- The Washington Times - Thursday, May 17, 2018

DENVER — Firearms owners wasted no time challenging the gun ban in Boulder, Colorado, filing a lawsuit one day after the city council’s Tuesday vote to expel “assault weapons” and certain accessories from the city limits.

The motion filed by the Mountain States Legal Foundation seeks a preliminary injunction to stop the famously liberal city from enforcing the ban, which would subject violators to fines of up to $1,000 and 90 days in jail per offense.

The unanimous vote at Tuesday night’s council meeting came amid a national push for tougher gun-control laws in response the deadly Feb. 14 school shooting in Parkland, Florida, but foes blasted the measure as unconstitutional and pointless.

“This ban is tantamount to Boulder attempting to stop drunk driving by banning Subarus,” said foundation attorney Cody J. Wisniewski. “It accomplishes nothing other than making criminals of law-abiding citizens.”

The ordinance forbids the sale or possession of certain semiautomatic rifles as well as bump stocks and ammunition magazines holding more than 10 rounds, and raises the legal gun-possession age from 18 to 21.

The lawsuit filed Wednesday in U.S. District Court in Denver names as defendants Boulder residents and gun owners Jon Caldara, president of the Independence Institute, and Tyler Faye, a member of the University of Colorado shooting team, as well as the Boulder Rifle Club and Bison Tactical.

In addition to a flurry of state and federal legislation, the Parkland shooting has also prompted at least two localities — Boulder and Deerfield, Illinois, — to pass ordinances banning “assault weapons,” raising questions over whether such actions are enforceable.

The lawsuit noted that Colorado state law forbids local governments from prohibiting “the sale, purchase, or possession of a firearm that a persona may lawfully sell, purchase, or possess under state or federal law.”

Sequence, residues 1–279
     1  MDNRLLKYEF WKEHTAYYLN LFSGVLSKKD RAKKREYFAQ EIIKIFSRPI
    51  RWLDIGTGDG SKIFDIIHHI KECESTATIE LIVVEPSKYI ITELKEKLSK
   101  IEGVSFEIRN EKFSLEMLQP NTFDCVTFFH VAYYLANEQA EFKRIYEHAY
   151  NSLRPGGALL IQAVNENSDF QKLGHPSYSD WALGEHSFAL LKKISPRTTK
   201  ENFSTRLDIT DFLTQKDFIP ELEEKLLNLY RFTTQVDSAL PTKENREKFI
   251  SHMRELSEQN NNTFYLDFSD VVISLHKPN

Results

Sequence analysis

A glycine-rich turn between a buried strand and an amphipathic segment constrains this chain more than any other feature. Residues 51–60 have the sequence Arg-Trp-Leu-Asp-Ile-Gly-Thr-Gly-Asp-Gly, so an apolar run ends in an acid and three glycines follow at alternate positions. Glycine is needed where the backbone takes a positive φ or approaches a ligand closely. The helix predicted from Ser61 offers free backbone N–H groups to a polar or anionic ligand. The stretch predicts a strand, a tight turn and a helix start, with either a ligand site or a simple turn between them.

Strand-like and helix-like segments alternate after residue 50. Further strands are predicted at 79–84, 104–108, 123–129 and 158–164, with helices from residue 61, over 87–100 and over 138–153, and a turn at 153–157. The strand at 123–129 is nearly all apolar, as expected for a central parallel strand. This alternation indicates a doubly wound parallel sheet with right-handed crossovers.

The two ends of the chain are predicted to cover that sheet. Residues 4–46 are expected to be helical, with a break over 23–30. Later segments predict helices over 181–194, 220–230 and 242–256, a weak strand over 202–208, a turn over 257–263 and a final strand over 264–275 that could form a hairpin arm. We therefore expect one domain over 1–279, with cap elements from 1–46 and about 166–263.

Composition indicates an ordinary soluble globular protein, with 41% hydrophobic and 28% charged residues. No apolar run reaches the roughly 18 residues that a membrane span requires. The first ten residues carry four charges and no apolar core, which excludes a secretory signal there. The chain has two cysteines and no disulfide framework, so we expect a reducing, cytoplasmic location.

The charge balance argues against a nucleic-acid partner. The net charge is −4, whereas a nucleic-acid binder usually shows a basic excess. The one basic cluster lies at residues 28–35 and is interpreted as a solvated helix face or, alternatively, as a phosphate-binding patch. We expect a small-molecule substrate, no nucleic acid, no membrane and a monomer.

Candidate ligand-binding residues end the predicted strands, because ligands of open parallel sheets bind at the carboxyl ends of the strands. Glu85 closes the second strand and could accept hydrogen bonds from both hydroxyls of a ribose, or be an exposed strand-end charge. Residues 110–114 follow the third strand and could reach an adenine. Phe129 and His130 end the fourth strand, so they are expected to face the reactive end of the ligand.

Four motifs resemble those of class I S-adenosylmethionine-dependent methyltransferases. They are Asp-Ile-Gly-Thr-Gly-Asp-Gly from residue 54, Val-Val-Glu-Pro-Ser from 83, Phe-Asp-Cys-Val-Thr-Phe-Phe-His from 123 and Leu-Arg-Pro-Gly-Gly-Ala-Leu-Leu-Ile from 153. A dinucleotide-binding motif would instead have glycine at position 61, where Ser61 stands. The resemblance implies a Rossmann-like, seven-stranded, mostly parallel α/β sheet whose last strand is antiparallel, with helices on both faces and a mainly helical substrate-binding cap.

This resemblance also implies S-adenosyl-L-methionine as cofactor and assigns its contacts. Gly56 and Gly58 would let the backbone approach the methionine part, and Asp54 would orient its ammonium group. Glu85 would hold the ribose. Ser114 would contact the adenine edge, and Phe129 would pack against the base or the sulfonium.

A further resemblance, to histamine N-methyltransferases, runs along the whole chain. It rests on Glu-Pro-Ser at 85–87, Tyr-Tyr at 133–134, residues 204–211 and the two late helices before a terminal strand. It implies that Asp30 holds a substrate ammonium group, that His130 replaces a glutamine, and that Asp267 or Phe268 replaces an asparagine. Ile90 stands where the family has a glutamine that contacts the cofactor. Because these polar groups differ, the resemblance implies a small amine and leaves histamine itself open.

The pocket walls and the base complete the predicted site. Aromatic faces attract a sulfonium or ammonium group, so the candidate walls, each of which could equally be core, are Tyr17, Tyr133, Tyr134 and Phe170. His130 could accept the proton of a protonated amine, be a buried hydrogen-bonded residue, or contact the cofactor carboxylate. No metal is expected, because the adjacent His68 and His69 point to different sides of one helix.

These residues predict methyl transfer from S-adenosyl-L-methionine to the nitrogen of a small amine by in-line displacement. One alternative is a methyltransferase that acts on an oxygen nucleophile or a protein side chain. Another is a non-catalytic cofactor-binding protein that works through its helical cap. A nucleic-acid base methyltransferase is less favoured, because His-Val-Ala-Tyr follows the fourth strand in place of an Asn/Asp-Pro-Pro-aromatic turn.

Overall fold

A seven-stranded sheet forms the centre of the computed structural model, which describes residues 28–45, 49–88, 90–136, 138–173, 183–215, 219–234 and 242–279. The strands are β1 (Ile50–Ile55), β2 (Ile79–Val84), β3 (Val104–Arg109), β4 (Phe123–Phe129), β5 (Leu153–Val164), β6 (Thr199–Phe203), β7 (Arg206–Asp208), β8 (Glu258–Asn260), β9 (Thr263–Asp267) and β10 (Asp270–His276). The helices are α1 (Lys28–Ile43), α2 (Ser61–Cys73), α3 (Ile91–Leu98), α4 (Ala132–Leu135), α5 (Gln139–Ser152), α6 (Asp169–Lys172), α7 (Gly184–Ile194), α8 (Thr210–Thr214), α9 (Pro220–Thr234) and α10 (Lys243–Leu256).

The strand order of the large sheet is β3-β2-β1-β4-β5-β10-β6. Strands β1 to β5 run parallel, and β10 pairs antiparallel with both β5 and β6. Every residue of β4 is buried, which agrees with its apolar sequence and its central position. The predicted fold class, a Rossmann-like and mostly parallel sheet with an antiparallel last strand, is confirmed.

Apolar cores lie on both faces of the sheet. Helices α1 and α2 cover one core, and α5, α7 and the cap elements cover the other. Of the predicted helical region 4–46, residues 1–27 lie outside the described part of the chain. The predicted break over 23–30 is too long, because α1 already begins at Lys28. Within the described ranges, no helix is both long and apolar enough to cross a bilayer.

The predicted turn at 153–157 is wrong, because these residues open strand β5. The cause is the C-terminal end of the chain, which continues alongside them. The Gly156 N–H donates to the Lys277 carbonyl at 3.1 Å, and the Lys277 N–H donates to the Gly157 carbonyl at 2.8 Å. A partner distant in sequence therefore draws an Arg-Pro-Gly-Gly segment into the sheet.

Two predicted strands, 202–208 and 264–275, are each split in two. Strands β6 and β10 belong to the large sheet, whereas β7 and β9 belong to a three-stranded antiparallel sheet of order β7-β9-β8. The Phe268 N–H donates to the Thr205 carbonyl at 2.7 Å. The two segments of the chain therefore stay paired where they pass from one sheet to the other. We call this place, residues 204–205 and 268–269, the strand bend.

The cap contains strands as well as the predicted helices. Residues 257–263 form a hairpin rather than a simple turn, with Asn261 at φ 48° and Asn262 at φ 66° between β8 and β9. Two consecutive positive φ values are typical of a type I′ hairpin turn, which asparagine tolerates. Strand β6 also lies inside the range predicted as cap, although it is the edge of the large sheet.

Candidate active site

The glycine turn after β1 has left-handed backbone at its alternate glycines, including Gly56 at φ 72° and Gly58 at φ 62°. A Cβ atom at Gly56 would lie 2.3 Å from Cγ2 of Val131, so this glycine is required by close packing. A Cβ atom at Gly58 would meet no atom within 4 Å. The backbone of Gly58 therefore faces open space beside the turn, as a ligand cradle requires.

Council members have claimed a home-rule exception in defending the ordinance, which includes exemptions for military, law enforcement and competitive shooters.

The measure also allows for the grandfathering of semi-automatic rifles whose owners can prove that they bought the firearms before the ban was enacted.

Council members Sam Weaver and Bob Yates said in a May 5 article that they both own guns, but that the “sensible gun regulation” was the “right thing to do” for several reasons.

Council members Sam Weaver and Bob Yates said in a May 5 article that they both own guns, but that the “sensible gun regulation” was the “right thing to do” for several reasons.

“Because it reflects the values of a majority of our community,” they wrote in the Daily Camera op-ed. “Because it will make us incrementally safer. Because it will tell our ineffective state and federal legislators that cities will act when they fail to. And because it’s the right thing to do.”

The liberal Daily Camera disagreed in an April editorial, dismissing the measure as a “symbolic gesture.”

“It relates to an issue over which municipalities have virtually no control,” said the April 4 editorial. “And yet it will almost certainly provoke both sides of a highly-charged, emotional issue to stand up on their hind legs in righteous indignation.”

While Colorado has trended blue in the last couple of decades, the state also hosts a booming hunting industry and widespread gun ownership.

“Colorado is not California; these laws have no place here,” said foundation President William Perry Pendley.

 


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